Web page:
Baltimore City Fraternal Order of Police tweeted earlier this week: “Word is Police Commissioner Harrison will need to close 2 police districts. As of today, Patrol has fallen below 700 sworn officers.”
A Baltimore Police Department staffing survey in 2018 stated: “The BPD staffing charts for each of the nine districts from December 2017 show that a total of 1,102 police officer positions are budgeted for sector patrol. However, only 809 of those positions are filled. The analysis also shows that while budgeted positions are adequate, the number of filled and assigned positions does not meet the needs of the department and community. To compensate for the lack of police officers assigned to sector patrol, the BPD uses overtime and drafting to fill vacancies.” Since that report, staffing levels have dropped even more.
In December 2020, the FOP reported that staffing levels had dropped 500 officers short. The FOP blamed the drop in manpower on Police Commissioner Michael Harrison’s leadership: “500 Officers short! Homicides and shootings are pacing with last year’s record violent crime stats and we have lost more officers than we have hired over the last 2 years of PC Harrison’s tenure in Baltimore. “No actionable crime plan at the street level! In the last 13 days, there have been 19 homicides and 30 failed murders (shootings) in Baltimore. If your starting pitcher is getting crushed, you bench him!”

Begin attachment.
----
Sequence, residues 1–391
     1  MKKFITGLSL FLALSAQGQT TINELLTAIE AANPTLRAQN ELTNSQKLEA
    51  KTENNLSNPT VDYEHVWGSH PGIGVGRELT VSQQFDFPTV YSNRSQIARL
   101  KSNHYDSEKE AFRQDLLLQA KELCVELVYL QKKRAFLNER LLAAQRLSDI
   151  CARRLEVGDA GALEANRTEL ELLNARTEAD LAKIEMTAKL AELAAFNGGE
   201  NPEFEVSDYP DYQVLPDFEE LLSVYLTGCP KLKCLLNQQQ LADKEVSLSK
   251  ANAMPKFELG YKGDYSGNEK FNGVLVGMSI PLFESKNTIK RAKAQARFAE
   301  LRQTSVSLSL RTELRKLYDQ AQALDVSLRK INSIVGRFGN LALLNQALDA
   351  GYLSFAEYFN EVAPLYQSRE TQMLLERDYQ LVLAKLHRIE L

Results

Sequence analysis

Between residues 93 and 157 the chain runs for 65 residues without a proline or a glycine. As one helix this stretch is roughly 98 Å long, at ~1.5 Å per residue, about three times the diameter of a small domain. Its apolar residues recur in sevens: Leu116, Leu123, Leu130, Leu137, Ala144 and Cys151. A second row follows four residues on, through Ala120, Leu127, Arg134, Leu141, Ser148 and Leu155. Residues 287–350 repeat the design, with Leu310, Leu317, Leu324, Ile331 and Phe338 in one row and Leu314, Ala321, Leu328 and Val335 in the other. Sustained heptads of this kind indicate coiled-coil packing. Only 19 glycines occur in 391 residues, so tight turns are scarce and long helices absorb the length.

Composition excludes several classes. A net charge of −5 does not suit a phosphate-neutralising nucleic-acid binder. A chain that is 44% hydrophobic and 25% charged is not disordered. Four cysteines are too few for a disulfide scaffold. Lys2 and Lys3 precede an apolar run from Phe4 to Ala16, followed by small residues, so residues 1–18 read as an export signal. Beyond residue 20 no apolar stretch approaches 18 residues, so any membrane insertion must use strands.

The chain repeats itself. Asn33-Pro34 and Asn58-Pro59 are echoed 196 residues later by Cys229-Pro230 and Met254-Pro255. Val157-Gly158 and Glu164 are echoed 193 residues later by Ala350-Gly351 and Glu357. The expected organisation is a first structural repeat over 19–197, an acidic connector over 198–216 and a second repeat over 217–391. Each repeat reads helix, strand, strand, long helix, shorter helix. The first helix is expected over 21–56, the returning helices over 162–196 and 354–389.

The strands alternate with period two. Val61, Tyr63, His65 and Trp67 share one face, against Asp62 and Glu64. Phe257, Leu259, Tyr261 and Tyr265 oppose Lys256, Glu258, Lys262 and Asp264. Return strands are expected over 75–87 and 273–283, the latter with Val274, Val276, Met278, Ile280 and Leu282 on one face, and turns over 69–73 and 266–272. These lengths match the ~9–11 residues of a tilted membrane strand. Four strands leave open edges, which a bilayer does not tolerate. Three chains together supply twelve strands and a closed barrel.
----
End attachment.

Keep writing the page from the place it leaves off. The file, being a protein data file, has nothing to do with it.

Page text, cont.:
Harrison was sworn in as the Baltimore Police Department’s 41st Commissioner on March 12, 2019. Since then, he has supported various police reform plans and served on a joint reform commission. He has backed new reforms just passed in Maryland. One new reform requires police departments to determine how to pay for and implement them. For example, the Maryland State Police must equip all 1500 of their officers with body cameras at a cost of more than $5 million dollars. The new reform laws gave defense attorneys an increase in the state cap on damages from police misconduct from $400,000 to $890,000.
Another new rule creates an independent unit within the Maryland Attorney General’s Office to investigate deaths caused by officers. The threshold for use of force has also changed. A new legal definition permits officers to use force only when found “necessary and proportional to prevent an imminent threat of physical injury” or achieve “a legitimate law enforcement objective.” An officer who intentionally uses excessive force that results in death or serious physical injury could be found guilty of a misdemeanor and sentenced to prison for up to 10 years.
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ARTICLE: PAUL MURDOCH
POLITICS EDITOR: CARSON CHOATE
PHOTO CREDITS: YAHOO NEWS
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